Saturday, January 12, 2002 - LatestNews
No Canadian Biathletes At Olympics

Martine Albert of Rimouski, Que., was Canada's last hope in Friday's women's 10 kilometre pursuit at a World Cup event. She stepped to the starter's line knowing her chances were remote for a required top-16 finish and withdrew from the race after only one kilometre.

Albert's chances were slim to meet the criteria Friday because she had placed 58th in the 7.5 kilometre sprint Thursday. In the pursuit, the racers start in the order of finish of the sprint.

"This is very hard for Martine," said Canadian national team coach Nikolai Koterlitzov of Ottawa. "She worked four years putting so much time and effort into it. She was demoralized by yesterday's (Thursday's result) and knew that it would be almost impossible to get the needed result. Not having an entry for the Games is disappointing because I really believed that Martine could have done it."

Albert had met one of the two required criteria' to make the team but fell short for the second bid. She came close at the World Cup in Slovakia last month when a couple of missed targets in the 15 kilometre event cost her the berth. She has four career top-20 results in World Cup competition.

World Cup leader Magdalena Forsberg of Sweden won the pursuit race in 32 minutes and 30.1 seconds with Olena Zubrilova of the Ukraine second and Liv Grete Poiree of Norway third.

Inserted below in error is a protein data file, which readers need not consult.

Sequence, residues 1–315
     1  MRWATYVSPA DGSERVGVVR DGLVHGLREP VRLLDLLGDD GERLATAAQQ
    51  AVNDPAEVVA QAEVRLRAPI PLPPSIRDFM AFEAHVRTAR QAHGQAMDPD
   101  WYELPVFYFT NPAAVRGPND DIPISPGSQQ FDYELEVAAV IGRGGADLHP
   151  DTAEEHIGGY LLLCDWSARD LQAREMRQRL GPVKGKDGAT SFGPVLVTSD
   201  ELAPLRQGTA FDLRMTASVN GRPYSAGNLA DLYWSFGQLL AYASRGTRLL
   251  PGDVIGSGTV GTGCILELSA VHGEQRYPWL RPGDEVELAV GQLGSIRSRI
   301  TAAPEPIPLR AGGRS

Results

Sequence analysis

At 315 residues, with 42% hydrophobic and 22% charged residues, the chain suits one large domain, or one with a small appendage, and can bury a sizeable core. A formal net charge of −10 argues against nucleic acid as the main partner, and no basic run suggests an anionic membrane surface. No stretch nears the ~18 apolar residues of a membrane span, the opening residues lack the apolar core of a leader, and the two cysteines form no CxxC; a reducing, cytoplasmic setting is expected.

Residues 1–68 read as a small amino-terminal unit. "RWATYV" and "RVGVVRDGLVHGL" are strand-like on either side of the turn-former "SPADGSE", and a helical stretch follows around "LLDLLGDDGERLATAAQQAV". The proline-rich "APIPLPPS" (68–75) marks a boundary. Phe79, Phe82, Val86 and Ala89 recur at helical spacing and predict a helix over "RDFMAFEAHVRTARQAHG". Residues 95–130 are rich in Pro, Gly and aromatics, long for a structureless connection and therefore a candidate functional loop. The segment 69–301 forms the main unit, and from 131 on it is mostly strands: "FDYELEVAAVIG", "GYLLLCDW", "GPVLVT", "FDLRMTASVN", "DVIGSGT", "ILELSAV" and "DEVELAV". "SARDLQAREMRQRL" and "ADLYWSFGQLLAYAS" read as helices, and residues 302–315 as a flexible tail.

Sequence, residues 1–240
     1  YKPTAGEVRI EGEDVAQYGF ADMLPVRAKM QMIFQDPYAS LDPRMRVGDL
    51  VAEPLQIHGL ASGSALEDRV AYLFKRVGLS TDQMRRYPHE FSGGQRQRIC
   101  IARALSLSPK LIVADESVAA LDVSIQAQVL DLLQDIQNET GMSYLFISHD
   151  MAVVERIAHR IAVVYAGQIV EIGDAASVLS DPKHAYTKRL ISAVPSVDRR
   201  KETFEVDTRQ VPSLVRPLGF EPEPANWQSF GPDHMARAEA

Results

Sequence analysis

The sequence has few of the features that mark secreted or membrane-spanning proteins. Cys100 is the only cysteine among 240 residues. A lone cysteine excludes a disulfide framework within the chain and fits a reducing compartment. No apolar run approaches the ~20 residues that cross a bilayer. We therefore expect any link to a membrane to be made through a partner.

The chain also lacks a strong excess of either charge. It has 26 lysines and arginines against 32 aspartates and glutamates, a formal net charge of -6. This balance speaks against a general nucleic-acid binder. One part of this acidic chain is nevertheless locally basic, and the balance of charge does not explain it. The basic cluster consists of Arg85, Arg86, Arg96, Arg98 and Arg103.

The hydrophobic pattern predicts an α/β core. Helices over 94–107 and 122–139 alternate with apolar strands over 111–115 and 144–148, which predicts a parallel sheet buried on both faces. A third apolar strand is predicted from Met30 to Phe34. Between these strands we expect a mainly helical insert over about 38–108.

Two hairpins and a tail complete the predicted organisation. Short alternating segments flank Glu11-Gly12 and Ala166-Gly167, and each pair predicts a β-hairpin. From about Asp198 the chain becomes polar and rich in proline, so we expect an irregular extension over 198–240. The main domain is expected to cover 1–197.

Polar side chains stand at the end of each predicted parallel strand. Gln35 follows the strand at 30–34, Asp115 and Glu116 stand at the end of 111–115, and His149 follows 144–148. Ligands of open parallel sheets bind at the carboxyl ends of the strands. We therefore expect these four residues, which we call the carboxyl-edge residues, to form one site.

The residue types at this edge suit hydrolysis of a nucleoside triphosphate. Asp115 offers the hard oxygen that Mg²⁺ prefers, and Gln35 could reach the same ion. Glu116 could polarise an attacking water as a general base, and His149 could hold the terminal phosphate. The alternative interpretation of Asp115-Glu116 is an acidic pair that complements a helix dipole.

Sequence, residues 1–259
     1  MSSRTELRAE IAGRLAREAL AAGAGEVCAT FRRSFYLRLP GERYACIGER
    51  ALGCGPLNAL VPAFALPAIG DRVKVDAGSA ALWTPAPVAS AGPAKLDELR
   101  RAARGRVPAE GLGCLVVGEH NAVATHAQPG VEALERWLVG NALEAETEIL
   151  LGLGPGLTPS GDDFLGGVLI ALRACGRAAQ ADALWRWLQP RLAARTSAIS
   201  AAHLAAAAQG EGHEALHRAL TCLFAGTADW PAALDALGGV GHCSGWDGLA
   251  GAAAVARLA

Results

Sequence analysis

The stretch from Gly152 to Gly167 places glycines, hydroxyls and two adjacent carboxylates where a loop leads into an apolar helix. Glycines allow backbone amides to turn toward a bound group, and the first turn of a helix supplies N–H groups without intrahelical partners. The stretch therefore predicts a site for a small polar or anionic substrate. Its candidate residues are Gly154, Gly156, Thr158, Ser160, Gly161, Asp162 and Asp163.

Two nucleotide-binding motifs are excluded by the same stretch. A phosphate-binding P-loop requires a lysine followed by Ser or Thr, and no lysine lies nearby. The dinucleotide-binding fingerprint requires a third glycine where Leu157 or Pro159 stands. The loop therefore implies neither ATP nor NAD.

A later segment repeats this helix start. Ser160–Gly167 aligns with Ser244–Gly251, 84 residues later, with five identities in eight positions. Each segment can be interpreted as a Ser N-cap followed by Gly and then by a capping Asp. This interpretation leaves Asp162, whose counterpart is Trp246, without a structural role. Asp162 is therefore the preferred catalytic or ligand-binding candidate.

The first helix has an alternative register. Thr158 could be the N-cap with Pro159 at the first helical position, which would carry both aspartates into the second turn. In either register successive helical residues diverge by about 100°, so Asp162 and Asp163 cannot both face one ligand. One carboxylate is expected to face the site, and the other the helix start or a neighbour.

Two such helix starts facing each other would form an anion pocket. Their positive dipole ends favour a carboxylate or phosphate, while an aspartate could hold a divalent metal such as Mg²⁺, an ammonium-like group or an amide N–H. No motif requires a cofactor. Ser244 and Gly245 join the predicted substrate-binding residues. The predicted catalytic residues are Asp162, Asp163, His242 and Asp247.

On Wednesday, Canadian champion Robin Clegg of Canmore, was also down to his last opportunity to qualify for the Games, but struggled in the shooting range to place 89th.

"It's devastating to both Martine and Robin to have dedicated the last four years of their lives, at great expense, and not fully meet the incredibly high Canadian Olympic Association criteria standards," said Rick Nickelchok, executive director of Biathlon Canada.

"What makes it even more difficult is that they had met the international (International Biathlon Union) criteria."

However there's been some promising news for the Canadian biathlon team with the development of Maryke Ciaramidaro and Zina Kocher, both of Canmore. Ciaramidaro, last year's European junior champion, was 52nd in the sprint Thursday and climbed to 42nd in the pursuit. She posted three top-20 finishes at the world juniors last year as did Kocher, 65th in her World Cup debut Thursday.

"Maryke and Zina are big hopes for the future," said Koterlitzov. "They'll be very competitive internationally by the time the next Olympics (2006) come around. They have a lot potential and fight very hard in every race."


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